about 47 miles from Orlando.
Many charter flights from the UK and Europe arrive at the
airport in this small rural town 23 miles from Orlando. From
here, too, begins a popular boat journey aboard the Riverboat
Romance that sails on the St. Johns River, long the mercantile
backbone of north Florida and a river unusual in its own
right?it flows north! Here, too, you can hop into a canoe and
paddle down the scenic Wekiva River.
A favorite stop at Halloween, this tiny village 30 miles from
Orlando is tucked among cypress trees dripping Spanish moss.
Since 1875, this area has been a center for psychics. Today,
you'll see small signs outside many homes announcing the
presence therein of a medium, all of them quite serious about
their calling, and all registered by the National Spiritualist
Association of Churches. Whether or not you're interested in
contacting the late, lamented Uncle Harry, a ride through this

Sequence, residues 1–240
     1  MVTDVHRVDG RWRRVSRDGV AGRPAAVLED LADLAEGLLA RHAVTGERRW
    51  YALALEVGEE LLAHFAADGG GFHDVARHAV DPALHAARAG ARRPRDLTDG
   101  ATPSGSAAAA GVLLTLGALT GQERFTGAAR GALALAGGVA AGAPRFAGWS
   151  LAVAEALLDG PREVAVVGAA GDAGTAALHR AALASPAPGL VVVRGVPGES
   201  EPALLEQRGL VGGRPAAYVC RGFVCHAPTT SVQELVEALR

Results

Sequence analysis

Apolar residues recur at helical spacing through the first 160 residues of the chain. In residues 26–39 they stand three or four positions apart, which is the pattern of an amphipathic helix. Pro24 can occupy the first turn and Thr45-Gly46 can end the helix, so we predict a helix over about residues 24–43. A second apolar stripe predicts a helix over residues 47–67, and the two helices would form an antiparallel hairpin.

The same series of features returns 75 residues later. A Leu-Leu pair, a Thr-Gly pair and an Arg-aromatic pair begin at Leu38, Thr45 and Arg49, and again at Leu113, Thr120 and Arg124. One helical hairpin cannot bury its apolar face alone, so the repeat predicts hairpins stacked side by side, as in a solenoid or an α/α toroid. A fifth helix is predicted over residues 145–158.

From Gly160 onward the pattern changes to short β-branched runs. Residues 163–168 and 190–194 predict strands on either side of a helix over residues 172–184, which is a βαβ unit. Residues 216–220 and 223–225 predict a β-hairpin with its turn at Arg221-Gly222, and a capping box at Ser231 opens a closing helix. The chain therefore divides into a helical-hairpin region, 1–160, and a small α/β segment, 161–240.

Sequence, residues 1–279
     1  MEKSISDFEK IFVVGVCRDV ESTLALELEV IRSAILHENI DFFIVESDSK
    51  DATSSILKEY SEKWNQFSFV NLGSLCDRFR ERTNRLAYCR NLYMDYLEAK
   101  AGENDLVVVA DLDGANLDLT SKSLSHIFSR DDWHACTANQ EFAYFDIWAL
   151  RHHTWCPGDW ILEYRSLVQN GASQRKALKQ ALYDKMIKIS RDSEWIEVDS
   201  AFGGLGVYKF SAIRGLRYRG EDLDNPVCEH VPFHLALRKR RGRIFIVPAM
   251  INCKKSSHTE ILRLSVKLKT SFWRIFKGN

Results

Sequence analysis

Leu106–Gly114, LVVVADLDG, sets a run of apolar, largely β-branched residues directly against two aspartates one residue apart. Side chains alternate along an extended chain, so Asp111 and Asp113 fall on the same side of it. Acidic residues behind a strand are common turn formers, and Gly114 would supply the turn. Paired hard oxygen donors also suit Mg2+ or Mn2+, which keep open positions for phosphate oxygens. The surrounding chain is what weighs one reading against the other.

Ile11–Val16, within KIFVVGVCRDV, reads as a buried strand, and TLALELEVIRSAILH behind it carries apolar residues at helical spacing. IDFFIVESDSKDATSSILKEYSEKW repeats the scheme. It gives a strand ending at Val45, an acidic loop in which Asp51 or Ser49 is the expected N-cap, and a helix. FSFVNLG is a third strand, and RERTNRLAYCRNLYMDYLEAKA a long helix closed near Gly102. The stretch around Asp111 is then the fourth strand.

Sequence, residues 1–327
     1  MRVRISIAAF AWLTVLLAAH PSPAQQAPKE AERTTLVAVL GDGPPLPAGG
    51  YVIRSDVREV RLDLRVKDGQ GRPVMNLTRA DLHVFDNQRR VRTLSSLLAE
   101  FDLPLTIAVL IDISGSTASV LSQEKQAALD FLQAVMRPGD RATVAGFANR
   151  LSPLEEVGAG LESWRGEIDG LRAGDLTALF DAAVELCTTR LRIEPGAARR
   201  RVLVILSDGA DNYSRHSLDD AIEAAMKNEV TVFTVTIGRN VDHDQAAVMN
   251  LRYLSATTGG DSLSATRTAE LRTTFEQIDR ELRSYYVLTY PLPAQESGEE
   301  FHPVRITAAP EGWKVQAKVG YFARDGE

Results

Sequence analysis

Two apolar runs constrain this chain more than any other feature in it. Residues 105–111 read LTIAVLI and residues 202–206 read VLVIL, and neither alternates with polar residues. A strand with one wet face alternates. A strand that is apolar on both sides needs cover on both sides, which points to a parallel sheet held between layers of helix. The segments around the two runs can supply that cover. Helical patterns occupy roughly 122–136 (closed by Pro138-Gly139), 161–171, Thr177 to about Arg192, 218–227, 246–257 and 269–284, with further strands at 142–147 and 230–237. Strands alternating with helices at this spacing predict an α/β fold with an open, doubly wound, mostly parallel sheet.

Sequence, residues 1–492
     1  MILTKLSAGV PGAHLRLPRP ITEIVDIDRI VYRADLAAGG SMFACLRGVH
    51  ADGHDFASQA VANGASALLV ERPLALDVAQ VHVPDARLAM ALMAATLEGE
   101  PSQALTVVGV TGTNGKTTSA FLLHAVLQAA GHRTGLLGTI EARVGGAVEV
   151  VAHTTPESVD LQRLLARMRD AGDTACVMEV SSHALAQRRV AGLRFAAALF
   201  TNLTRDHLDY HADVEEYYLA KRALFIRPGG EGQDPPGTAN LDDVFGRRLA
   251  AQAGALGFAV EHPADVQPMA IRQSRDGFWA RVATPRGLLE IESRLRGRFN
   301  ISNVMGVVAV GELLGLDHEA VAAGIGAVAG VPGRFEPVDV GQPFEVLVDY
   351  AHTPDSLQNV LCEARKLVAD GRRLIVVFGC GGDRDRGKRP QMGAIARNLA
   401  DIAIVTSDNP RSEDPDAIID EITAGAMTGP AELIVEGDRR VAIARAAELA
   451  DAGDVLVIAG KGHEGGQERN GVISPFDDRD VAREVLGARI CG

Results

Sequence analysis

tiny town offers you an opportunity to revel in a little bit of
old Florida at its somnolent, scenic best.
Town and gown unite in this village that is home to the handsome
pillared and porticoed architecture of Stetson University.
Deland, about 35 miles from Orlando, is worth the drive, if just
to roam through the grounds of this shady, old-world campus. De
Leon Springs State Recreation Area sports an old Spanish sugar
mill and a popular swimming hole.
If you never met an antique you didn't love, head straight to
Micanopy (pronounced Mick-ah-NO-pea) where the towns single
street is lined with antique shops. Sprouting from an 1821
trading post, Micanopy, its boosters say, can trace its history